A hearing date has finally been set for Padi the Labrador who is facing euthanasia.
Judge Andrew Owens Jr. will hear the Labrador’s case to decide on the constitutionality of the state law that requires dogs to be killed if they cause severe injury. The court date is November 4 at the Manatee Judicial Center’s Courtroom 8B.
Padi, a 4-year-old Labrador mix, bit a little boy in early June while the child and his babysitter were visiting the Lab’s owner, Dr. PaulGartenberg, at his Pet Clinic in Bradenton.
There are conflicting accounts of the incident: one says the boy provoked the dog by lunging at Padi to get him out from under the desk, and the other says Padi lunged at the child when he bent over to pick up a toy by the desk.
In the summer, Robert Eschenfelder, Manatee County’s chief assistant county attorney and Padi’s attorney Charles Britt filed a joint motion asking the circuit court to intervene and rule on the constitutionality of the state law.
The Labrador will be permanently released and the case closed if the court rules that the law as unconstitutional.
“The county would not appeal such a ruling, but would instead suggest it would further support the need for the Legislature to revise the law in its 2016 session, as our county commission requested recently,” Eschenfelder said.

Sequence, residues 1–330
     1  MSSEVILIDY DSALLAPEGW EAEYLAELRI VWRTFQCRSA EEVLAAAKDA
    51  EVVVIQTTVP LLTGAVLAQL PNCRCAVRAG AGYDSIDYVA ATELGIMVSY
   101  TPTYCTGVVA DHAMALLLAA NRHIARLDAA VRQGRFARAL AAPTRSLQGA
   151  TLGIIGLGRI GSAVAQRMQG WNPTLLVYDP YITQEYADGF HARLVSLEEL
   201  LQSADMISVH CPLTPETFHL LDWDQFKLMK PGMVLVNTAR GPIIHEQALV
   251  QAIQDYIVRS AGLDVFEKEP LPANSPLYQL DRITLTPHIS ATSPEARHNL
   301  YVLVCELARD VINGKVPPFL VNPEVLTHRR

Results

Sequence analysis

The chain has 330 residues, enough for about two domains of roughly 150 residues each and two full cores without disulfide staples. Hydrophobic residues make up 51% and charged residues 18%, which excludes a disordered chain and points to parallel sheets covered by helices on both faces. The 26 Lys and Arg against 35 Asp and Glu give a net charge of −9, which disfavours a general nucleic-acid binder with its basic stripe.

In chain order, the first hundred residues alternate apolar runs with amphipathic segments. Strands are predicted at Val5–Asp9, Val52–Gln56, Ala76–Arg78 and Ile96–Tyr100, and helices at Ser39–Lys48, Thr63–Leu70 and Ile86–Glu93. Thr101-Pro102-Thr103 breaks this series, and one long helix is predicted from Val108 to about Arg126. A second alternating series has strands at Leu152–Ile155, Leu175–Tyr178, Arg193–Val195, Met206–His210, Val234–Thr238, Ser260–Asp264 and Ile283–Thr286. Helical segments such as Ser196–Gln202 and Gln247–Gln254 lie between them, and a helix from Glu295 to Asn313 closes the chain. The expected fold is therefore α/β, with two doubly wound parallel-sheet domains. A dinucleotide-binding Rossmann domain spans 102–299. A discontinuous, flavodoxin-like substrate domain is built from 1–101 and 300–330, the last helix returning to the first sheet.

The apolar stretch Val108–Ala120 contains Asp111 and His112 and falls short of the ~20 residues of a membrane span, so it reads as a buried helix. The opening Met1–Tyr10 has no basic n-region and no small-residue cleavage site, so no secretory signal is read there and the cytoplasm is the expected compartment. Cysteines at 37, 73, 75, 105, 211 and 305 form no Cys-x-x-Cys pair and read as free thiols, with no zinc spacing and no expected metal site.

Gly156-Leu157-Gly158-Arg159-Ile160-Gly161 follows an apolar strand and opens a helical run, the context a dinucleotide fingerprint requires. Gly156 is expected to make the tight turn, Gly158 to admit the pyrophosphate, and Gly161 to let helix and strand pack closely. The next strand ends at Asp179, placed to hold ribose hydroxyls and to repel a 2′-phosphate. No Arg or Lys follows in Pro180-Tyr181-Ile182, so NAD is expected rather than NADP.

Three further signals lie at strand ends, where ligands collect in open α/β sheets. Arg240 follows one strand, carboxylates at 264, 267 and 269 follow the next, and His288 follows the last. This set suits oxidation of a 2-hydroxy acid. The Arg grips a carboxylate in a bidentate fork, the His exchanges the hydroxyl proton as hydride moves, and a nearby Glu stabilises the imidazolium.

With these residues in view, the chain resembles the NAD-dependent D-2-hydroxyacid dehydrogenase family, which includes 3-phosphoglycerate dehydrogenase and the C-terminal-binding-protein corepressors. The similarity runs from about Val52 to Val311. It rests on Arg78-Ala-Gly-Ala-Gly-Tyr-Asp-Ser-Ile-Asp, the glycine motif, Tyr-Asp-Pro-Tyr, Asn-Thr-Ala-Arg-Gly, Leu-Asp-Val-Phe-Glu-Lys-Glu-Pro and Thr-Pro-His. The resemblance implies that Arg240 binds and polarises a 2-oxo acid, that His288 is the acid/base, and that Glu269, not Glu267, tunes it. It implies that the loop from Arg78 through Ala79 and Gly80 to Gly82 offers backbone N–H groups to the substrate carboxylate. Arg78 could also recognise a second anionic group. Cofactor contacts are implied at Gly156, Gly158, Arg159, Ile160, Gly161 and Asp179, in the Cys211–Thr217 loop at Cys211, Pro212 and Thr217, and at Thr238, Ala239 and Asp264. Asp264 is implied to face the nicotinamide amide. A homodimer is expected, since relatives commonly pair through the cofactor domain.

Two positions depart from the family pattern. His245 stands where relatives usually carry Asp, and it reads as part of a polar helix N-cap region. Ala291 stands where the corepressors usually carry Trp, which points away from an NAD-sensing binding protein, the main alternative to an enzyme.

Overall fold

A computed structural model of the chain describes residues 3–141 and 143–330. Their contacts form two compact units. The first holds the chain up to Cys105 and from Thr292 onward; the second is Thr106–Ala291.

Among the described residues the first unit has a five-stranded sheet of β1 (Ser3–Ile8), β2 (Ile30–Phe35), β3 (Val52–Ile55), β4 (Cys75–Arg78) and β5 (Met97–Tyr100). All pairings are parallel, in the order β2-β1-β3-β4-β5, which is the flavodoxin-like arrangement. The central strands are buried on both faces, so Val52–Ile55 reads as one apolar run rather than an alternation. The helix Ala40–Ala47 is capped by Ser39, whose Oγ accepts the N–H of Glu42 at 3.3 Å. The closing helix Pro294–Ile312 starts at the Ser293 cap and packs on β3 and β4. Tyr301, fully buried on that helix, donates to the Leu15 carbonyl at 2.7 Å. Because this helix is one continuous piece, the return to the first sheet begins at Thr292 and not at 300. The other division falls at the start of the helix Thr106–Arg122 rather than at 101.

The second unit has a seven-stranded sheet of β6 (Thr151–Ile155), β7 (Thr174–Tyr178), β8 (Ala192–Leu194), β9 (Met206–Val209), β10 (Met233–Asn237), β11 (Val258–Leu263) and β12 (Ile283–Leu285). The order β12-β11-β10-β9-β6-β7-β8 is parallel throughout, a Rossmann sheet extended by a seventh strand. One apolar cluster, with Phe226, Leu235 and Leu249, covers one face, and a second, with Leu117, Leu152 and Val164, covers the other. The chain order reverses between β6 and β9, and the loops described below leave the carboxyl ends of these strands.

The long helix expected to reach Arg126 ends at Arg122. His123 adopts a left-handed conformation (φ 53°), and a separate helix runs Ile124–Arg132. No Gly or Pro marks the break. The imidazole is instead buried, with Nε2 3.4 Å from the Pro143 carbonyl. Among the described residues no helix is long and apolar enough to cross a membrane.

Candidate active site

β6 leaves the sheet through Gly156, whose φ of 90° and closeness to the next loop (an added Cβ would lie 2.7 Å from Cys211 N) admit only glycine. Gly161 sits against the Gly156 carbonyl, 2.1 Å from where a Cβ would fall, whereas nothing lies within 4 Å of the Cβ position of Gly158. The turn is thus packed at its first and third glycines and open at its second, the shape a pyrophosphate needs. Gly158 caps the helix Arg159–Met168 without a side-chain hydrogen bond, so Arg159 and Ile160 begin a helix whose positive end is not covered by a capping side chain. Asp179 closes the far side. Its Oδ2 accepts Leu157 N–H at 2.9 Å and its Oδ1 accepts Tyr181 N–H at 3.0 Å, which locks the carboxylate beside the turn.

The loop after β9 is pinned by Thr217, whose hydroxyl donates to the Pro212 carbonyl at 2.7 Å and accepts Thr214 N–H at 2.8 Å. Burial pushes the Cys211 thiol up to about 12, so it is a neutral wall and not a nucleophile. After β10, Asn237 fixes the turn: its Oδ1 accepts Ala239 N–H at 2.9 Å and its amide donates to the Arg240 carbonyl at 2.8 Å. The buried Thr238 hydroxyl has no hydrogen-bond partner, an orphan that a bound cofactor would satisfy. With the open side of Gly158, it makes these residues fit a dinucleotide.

But if the court rules that the law is constitutional, then Gartenberg would have to choose to either return to the hearing officer process or appeal the court’s ruling to the Second District Court of Appeal.
Britt filed a motion for summary judgment on September 25 – arguing that the state’s Dangerous Dog Law is unconstitutional because:
“There are no genuine issues of material fact and based upon the case law as applied in this circumstance.
The Respondent respectfully prays and requests, based upon the forgoing facts and case law, that the Court find Section 767.13(2), Florida Statutes, as written and subsequently applied in this case to be unconstitutional ab initio, as violative of the Due Process Clause of the U.S. and Florida Constitutions.
In addition, the Respondent requests further that the case and charges against ‘Padi’ be dismissed with prejudice, and that all previously imposed conditions of release be revoked.”
In the county’s motion for summary judgment, the county states that they seek a “declaratory judgment from this Court declaring the following:
- Whether Florida Statutes 767.13(2) is unconstitutional as written and as so found by other courts which have examined the question,
- If so, pursuant to this Court’s authority to grant supplemental relief as set forth in Florida Statutes 86.061, that the underlying citation be found void ab initio and that Defendant’s dog be permanently released to his custody with no further restrictions.
A Facebook page named Free Padi has been launched to support Padi and his family.